Video: This man is having the time of his life somehow, all while getting his severely fractured ankle put back into place.
NSFW language warning. Also you might laugh out loud.
As you get older, colonoscopies become an important part of maintaining your health, allowing doctors to spot potentially fatal diseases like colon cancer before they progress too far. So medical researchers are hoping to make the procedure safer, and slightly less invasive, using a tiny capsule that's remotely steered around using a magnet outside your body.
Apparently, eating cheese will not cause a heart attack or stroke, according to a new study that lots of folks are writing about. But readers, fellow science and health writers, can we please all agree to read these studies and think about them a little before we take them as the irreproachable word of some dairy overlord?
Stings from a Portuguese man o' war are as common as they are dangerous, yet there's a lack of consensus over the best way to treat these painful pricks. New research published in the journal Toxins reveals that stings from the man o' war (Physalia species) shouldn't be treated any differently than stings from jellyfish, a conclusion that upends conventional wisdom. And no, peeing on yourself is not recommended.
Most of the time, when people talk about the cutting edge gene editing technology CRISPR, they are actually talking about CRISPR-Cas9. CRISPR, you see, is just one half of the genome editing tool, the programming that instructs where a DNA edit will actually be made. The other part consists of proteins that actually do the cutting. And one particular protein, called Cas9, has long been the snipping tool of choice. But now, there's a new protein on the block — and it may open the door to curing a devastating genetic disease.
Experts say it's not a matter of if, but when a global scale pandemic will wipe out millions of people. And we are grossly unprepared for the next major outbreak. But in the event of a devastating pandemic — whether it be triggered by a mutated strain of an existing virus or a bioengineered terror weapon — there are some practical things you can do, both before and during the outbreak, to increase your odds of survival.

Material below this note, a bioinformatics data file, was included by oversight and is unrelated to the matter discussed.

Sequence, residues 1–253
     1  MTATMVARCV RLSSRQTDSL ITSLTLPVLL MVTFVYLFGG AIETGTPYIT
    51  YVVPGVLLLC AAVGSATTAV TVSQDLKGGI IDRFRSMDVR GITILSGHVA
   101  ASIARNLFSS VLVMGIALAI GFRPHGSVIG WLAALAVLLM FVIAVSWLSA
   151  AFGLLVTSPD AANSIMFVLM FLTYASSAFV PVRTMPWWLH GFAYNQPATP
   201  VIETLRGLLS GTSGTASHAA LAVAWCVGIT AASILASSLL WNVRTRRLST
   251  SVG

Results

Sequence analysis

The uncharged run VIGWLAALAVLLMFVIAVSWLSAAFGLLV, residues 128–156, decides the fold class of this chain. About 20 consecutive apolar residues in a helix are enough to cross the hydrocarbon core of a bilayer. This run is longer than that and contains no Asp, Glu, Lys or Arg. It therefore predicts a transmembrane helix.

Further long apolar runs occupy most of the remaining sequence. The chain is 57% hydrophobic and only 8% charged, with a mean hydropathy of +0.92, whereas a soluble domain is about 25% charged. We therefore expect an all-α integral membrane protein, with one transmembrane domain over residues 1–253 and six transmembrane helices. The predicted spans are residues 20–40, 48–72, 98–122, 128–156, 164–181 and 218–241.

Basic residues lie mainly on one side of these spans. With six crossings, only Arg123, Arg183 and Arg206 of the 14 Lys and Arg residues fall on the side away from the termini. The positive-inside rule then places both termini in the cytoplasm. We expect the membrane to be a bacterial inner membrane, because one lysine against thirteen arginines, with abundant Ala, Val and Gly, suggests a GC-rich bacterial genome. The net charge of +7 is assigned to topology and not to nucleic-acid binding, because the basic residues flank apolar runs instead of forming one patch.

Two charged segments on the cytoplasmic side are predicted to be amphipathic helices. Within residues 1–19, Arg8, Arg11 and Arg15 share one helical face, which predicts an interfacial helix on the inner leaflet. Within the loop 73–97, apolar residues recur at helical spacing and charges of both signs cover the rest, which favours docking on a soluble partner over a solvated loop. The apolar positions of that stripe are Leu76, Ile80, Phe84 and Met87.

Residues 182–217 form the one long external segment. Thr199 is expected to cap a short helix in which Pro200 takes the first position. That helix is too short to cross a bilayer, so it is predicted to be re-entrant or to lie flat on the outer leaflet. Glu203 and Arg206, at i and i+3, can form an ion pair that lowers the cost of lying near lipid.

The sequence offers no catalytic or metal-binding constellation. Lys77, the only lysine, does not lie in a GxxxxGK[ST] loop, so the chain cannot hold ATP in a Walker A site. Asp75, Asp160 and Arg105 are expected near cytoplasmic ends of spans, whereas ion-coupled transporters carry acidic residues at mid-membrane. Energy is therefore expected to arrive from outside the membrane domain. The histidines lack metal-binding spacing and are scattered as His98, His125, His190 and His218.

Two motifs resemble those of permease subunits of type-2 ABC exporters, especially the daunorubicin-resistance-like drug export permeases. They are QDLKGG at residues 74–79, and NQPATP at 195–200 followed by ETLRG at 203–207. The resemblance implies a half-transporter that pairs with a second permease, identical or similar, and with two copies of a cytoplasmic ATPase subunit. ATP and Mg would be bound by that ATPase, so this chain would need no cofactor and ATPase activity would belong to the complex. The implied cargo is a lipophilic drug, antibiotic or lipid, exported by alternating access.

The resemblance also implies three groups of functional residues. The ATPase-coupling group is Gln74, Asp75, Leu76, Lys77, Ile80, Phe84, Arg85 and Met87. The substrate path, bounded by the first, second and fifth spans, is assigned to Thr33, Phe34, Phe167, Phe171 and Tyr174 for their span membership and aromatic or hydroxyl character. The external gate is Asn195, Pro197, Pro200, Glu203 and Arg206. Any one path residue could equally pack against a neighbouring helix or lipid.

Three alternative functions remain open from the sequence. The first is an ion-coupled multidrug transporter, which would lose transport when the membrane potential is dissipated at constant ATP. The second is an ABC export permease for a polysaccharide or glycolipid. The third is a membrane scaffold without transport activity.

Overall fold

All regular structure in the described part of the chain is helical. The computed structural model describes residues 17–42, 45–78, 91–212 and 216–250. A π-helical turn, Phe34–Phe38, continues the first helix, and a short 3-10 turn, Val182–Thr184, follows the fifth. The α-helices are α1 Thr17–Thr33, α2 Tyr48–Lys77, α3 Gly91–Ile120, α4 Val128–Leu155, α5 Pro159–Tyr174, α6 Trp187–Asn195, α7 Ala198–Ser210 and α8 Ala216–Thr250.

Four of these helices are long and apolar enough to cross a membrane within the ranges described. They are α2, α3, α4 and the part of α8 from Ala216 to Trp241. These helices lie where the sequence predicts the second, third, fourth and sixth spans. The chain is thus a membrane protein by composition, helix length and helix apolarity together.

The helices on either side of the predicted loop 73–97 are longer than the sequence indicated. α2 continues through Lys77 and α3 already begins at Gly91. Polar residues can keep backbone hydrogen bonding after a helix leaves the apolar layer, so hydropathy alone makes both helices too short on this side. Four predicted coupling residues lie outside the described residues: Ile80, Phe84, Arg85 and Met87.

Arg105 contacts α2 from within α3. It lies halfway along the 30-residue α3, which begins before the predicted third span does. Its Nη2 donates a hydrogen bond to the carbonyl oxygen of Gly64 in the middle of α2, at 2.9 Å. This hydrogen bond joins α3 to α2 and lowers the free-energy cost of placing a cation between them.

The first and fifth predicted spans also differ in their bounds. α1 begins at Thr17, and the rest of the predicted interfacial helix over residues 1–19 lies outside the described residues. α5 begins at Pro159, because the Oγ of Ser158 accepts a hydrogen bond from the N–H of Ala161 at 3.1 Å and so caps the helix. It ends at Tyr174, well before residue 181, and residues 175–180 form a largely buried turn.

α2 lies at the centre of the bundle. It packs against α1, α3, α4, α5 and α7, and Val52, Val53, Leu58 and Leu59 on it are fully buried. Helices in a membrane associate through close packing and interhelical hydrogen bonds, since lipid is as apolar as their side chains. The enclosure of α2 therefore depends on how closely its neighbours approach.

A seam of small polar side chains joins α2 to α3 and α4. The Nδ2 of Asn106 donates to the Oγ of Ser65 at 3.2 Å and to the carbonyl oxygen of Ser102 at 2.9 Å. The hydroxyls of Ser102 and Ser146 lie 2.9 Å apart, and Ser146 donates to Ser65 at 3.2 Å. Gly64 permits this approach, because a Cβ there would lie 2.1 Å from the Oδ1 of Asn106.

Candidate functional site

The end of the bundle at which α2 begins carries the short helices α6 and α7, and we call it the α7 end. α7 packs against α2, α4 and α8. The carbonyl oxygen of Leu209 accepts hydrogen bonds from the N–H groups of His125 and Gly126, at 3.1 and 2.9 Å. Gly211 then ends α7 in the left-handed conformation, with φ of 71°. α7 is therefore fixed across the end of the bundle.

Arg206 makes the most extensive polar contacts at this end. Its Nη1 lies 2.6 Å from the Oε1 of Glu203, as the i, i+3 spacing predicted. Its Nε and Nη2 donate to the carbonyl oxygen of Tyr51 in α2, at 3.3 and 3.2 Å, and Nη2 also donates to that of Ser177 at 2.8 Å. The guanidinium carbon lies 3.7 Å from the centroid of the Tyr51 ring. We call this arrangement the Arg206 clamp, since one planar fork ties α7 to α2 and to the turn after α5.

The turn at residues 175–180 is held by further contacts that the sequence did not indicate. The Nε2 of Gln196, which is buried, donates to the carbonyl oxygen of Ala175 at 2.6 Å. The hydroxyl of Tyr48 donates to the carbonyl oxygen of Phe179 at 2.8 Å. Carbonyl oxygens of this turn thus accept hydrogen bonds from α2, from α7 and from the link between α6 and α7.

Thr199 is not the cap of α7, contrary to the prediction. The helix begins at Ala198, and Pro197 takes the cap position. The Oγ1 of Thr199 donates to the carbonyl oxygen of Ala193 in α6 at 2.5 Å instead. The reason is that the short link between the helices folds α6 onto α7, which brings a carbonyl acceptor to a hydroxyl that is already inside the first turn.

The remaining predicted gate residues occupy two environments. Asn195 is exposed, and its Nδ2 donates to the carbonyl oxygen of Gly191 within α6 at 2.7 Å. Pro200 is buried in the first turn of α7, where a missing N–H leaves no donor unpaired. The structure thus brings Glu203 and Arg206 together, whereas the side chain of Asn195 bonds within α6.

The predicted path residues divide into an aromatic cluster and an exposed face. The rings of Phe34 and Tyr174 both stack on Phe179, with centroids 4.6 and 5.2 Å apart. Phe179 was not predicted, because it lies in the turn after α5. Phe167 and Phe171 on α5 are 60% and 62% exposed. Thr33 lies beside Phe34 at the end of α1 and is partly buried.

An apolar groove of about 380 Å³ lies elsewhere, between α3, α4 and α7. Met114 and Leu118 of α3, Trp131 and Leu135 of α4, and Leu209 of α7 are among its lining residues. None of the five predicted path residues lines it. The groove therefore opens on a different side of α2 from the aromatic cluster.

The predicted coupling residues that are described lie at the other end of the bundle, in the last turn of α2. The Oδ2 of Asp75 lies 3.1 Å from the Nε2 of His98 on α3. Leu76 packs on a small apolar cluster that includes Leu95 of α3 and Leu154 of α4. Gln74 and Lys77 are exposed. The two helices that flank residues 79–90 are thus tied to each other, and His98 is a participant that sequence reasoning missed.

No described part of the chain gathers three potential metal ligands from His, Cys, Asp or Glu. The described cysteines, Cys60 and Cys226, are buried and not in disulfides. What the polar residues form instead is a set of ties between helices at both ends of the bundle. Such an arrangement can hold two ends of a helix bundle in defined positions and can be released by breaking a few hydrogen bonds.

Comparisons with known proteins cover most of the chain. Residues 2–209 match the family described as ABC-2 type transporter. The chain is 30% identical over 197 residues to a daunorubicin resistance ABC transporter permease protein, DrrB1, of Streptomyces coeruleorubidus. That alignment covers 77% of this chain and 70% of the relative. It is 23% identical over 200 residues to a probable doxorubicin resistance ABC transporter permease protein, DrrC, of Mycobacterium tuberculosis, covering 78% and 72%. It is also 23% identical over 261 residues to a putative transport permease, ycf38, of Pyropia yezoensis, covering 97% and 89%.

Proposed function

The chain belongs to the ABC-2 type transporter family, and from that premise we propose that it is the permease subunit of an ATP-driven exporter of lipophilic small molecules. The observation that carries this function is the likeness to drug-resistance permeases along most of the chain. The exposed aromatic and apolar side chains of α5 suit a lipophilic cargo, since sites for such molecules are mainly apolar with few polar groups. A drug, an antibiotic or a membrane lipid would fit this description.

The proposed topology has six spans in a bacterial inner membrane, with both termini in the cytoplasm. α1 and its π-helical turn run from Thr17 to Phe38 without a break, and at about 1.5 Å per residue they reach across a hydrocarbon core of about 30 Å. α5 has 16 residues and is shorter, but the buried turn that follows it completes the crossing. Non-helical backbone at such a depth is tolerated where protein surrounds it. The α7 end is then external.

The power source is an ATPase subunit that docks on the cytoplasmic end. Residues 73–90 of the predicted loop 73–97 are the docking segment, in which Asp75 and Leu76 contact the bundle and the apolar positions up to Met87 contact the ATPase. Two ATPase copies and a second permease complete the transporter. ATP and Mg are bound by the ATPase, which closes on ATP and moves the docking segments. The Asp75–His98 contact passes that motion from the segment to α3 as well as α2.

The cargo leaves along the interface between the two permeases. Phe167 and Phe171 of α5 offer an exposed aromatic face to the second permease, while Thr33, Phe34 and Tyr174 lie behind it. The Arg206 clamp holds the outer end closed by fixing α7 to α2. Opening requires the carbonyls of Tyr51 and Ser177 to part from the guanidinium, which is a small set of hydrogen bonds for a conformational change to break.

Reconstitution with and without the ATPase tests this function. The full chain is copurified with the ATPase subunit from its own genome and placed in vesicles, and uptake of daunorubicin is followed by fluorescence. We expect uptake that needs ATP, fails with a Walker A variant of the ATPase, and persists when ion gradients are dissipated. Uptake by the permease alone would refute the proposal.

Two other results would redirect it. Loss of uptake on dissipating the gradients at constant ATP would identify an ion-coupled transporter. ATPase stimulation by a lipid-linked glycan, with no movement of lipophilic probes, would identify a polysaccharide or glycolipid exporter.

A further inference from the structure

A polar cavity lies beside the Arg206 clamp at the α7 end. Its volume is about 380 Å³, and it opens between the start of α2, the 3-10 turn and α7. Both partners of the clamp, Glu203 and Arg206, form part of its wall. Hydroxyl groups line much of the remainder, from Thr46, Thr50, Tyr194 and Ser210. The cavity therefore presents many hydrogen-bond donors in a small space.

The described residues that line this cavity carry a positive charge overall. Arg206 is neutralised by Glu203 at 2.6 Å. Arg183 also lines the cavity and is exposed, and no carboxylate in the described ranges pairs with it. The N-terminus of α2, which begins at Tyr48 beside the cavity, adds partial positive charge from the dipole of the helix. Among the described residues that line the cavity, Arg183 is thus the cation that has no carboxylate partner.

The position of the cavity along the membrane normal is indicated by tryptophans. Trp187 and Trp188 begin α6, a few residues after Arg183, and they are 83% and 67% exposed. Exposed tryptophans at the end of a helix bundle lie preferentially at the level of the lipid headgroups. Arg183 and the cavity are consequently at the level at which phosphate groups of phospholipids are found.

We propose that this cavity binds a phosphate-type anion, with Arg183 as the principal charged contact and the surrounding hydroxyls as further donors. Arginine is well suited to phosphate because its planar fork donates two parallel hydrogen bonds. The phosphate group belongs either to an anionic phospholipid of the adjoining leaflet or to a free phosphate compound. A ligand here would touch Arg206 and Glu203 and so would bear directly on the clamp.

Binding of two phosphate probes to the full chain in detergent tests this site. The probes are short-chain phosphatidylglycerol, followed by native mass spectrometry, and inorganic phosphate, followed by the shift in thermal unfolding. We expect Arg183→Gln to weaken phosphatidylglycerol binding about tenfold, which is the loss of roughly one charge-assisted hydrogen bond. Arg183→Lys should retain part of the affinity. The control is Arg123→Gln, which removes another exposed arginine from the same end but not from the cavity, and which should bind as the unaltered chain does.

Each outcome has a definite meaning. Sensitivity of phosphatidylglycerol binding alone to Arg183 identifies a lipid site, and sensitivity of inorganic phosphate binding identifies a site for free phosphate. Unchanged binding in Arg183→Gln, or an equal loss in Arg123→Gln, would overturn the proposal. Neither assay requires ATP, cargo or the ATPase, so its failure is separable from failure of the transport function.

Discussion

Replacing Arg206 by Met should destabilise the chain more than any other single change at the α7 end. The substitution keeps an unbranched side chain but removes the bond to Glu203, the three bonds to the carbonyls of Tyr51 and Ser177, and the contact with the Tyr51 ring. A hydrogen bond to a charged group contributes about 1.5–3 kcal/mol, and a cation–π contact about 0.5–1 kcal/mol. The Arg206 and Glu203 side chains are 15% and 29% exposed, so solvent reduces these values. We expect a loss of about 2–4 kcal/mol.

In a study that's bound to attract considerable controversy, a pair of researchers are claiming that between 60 and 66 per cent of all cancer-causing mutations are the result of random DNA copying errors, making them essentially unavoidable. The new research is offering important insights into how cancer emerges, and how it should be diagnosed and treated — but many questions remain.
To prevent the spread of infectious diseases, Australian Prime Minister Malcolm Turnbull is pushing its states and territories to adopt measures that would prevent unvaccinated children from attending childcare centres. Sounds harsh, but experts say it's a good idea — one that will hopefully prevent the spread of infectious diseases.
Dietary supplements don't need to do anything, by definition. Tons of them don't. That might sound strange, since half of Americans take a vitamin or mineral supplement daily. But there are in fact, reasons to take some of them. Let's say you eat nothing but ground beef, Cheerios and Dr. Pepper every day. My nutritionist sister once saw a patient who lived this life. The human body, a machine that evolved over millions of years requiring a variety of different molecules to work best, was not optimised with a ground beef, Cheerios and Dr. Pepper-only diet in mind.
Imagine that a doctor told you that your brain was slowly starting to self-destruct, that soon your once-healthy neurons would stop functioning, that you would lose all connection with reality, with the things and people that you loved. Then imagine that you found out that not only did that doctor make it all up, but he wasn't even actually a doctor. You would be pretty pissed, right?